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Posted by LeosAnonymous on May 08, 2003 at 10:22:26:
It just dawned on me as to a likely explanation for the high rates of deformities seen using Trempers incubation method, as well as the higher rates of deformities seen when incubating eggs at 90*F and above.
When organisms are sujected to stress associated with high temperatures they undergo changes in gene expression. This stress caused by high temps is called heat shock, which leads to a dramatically higher chance of mutation.
The effects of heat shock have been studied for many years in Drosophilia (fruit flies) and is known to lead to deformities. When the fruit flies undergo heat shock one deformity that comes to mind is the growth of an extra set of legs (right on the head where the antennas are supposed to be).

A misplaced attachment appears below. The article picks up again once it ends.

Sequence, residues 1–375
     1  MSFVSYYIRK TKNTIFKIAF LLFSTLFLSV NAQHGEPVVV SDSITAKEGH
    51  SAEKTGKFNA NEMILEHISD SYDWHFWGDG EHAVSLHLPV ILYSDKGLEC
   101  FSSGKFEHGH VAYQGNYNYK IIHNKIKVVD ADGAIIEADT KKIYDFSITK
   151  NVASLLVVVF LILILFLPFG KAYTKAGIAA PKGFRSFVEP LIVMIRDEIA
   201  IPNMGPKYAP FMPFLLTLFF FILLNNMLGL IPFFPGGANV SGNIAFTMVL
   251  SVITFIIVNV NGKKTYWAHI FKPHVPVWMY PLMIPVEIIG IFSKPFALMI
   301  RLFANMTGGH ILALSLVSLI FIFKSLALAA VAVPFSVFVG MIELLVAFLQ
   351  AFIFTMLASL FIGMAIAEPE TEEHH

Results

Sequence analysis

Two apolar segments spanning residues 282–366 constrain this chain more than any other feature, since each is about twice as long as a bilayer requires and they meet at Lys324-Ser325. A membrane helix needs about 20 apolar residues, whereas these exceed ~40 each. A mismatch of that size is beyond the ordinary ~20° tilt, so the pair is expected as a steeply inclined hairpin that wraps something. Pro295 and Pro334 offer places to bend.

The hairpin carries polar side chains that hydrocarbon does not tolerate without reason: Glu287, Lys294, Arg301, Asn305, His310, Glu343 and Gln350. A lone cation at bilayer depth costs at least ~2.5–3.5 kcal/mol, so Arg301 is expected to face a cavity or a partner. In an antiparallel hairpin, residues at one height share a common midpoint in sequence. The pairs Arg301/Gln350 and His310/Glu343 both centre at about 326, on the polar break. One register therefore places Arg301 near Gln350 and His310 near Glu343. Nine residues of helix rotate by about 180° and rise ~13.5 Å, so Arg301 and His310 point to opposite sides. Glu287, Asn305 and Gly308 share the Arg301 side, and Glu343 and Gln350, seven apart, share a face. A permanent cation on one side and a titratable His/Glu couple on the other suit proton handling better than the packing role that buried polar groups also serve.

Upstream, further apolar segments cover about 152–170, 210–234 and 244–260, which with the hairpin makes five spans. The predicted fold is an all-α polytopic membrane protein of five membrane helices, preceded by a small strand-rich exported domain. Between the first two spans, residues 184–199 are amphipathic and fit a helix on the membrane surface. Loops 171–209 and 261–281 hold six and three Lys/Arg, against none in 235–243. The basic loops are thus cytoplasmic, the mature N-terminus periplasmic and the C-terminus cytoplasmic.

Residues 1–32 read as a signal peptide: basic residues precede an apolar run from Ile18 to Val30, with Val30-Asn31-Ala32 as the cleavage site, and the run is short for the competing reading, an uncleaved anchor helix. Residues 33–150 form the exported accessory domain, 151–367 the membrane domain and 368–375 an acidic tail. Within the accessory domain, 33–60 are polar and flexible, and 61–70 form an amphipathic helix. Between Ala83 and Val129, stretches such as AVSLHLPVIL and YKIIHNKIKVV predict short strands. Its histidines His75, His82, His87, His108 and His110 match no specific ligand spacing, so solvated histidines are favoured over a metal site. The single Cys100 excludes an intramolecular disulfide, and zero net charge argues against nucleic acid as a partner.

So basically what this means is that heat shock, coupled with a severe rise in incubation temperatures (which we know causes developmental problems) could quite possibly lead to a dramatically higher rate of deformities in leoaprd gecko hatchlings.
If any of you genetics teachers out there have anything to add please do...
Just something to consider.
-Ross Payan - www.LeosAnonymous.com